The International Monetary Fund (IMF) has 188 member countries. The United Nations has 193. The difference is not economically or politically trivial. Although none of the members missing from the IMF is a large country, two of the five are potentially important in their regions: Cuba and North Korea. What would it take to complete the process to have both countries included as IMF member countries? What are the obstacles to becoming members, and how can they be overcome?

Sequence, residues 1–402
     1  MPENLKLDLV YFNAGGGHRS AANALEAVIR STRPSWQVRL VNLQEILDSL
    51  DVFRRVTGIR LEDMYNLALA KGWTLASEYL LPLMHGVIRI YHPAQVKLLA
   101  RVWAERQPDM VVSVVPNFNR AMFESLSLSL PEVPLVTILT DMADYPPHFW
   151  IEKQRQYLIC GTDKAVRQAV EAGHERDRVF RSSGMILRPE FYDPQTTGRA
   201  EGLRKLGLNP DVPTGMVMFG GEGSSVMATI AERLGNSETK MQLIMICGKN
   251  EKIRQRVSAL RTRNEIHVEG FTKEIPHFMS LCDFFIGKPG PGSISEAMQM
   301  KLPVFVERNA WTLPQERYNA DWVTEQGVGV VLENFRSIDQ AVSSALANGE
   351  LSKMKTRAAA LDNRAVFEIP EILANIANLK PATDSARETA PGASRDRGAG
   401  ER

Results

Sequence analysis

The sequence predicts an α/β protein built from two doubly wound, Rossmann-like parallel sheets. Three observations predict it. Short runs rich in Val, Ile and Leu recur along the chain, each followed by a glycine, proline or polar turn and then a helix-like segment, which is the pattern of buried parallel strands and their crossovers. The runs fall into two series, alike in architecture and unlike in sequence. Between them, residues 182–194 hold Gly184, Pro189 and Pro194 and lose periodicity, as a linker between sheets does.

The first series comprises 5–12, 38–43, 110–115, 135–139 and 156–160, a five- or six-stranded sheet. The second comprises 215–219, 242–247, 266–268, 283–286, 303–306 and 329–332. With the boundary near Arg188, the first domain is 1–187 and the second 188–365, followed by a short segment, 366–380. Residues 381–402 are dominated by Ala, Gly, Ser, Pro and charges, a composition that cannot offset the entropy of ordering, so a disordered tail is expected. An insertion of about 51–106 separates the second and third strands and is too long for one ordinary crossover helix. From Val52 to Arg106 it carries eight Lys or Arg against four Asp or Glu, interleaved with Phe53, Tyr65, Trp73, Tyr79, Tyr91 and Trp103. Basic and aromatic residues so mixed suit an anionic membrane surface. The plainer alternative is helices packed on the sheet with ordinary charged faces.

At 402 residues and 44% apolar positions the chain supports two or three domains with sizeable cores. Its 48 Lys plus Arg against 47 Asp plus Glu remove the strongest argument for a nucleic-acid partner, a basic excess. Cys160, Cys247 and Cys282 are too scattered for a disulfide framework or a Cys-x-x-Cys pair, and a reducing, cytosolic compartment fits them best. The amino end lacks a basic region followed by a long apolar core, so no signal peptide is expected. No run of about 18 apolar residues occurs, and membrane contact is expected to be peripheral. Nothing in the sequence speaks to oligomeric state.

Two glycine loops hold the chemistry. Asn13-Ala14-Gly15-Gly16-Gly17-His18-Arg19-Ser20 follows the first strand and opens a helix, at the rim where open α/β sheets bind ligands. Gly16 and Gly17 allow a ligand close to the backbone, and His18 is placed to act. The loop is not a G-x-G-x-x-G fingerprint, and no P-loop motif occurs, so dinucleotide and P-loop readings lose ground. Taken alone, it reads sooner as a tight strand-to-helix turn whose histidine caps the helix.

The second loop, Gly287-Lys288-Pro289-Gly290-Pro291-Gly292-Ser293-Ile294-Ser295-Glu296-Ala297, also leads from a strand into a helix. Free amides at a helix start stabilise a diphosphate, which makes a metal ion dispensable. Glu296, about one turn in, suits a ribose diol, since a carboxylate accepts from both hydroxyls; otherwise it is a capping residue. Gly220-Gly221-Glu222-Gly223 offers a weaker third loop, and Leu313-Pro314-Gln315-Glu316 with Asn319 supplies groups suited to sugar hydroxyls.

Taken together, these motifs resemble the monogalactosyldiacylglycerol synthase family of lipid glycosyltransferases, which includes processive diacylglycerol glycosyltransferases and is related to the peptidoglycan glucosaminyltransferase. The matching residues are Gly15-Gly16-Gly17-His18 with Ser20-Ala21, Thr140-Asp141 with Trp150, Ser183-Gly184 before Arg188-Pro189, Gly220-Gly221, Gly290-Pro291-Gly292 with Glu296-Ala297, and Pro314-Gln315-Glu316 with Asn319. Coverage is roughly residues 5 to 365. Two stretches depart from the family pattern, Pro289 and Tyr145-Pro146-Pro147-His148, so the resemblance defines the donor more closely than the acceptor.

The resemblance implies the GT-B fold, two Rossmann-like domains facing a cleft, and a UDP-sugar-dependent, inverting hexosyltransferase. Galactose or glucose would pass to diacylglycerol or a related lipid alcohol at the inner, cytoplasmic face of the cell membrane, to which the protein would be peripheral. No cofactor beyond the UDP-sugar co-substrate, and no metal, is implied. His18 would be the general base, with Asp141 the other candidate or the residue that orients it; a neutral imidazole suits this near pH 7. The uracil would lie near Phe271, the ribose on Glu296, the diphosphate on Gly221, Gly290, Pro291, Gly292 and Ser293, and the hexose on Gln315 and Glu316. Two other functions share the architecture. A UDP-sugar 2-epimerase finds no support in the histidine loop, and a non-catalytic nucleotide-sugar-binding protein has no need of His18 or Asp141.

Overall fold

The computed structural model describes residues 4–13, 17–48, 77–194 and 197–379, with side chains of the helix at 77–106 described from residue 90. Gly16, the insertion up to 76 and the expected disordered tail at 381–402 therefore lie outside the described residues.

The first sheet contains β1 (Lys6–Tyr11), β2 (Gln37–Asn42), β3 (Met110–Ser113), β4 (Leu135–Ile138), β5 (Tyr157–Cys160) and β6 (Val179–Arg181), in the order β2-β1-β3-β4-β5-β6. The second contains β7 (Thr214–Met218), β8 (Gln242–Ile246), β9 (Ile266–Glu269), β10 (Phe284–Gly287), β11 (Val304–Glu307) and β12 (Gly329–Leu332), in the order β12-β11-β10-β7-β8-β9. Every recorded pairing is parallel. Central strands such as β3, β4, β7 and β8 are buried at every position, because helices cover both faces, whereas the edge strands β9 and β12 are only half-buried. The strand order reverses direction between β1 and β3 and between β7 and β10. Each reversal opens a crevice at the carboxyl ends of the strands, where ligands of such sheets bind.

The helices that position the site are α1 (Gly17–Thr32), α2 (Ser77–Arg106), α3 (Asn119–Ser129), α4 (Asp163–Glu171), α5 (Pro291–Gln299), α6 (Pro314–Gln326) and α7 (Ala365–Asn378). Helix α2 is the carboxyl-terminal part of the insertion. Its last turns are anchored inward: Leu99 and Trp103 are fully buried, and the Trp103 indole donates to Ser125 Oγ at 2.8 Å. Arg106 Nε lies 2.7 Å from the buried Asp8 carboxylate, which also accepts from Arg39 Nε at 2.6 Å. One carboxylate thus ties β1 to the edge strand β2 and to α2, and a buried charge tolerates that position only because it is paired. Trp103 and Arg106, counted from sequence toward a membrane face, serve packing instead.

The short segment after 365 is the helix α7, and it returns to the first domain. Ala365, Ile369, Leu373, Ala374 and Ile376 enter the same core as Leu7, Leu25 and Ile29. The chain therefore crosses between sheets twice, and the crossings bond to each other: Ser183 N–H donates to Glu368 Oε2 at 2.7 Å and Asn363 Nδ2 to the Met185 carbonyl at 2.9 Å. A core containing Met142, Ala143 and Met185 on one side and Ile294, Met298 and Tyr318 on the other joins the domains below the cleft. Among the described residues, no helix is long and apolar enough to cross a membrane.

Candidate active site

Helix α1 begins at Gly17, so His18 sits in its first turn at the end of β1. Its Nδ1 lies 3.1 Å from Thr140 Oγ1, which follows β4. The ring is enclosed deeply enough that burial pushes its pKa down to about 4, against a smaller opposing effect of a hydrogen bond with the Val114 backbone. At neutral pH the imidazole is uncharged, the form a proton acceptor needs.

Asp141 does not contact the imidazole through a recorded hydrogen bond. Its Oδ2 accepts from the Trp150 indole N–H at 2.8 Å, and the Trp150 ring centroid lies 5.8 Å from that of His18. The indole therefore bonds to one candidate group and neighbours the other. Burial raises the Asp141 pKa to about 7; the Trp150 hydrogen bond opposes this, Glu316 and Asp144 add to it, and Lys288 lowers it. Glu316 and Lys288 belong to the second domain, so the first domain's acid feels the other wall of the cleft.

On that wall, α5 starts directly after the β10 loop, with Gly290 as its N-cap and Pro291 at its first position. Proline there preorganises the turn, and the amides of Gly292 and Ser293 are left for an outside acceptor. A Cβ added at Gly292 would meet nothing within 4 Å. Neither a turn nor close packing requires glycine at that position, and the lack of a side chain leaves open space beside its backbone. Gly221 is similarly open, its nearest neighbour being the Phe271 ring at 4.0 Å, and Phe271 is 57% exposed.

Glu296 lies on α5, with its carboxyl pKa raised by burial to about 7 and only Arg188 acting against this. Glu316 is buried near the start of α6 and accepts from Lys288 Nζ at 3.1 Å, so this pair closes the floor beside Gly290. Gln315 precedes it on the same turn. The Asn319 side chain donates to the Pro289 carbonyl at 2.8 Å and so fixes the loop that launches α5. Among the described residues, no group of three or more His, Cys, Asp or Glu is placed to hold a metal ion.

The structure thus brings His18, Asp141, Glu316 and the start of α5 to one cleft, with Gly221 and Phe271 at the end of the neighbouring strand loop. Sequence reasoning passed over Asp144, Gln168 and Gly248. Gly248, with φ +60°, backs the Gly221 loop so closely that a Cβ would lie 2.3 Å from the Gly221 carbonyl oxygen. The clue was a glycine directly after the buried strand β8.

For three years, 1997 to 2000, tentative moves toward membership for North Korea were encouraged by South Korea and were tolerated by most Western powers. The détente did not last, but the episode offers a model for a resumption of progress if conditions improve. Notably, the IMF could provide technical assistance and training, collect economic data and provide information on its membership requirements and obligations. Cuban membership faces additional hurdles because of US laws that were targeted specifically at the government of Fidel Castro. Moreover, to this date, neither country has applied to join the IMF. Because every other country in the world, aside from the very smallest and those not generally recognized as states, has joined the IMF, it is virtually certain that Cuba will apply eventually, as will North Korea, unless that prospect is preempted by reunification of the Korean Peninsula. When they do apply, a concerted political commitment will be needed to overcome the remaining technical obstacles.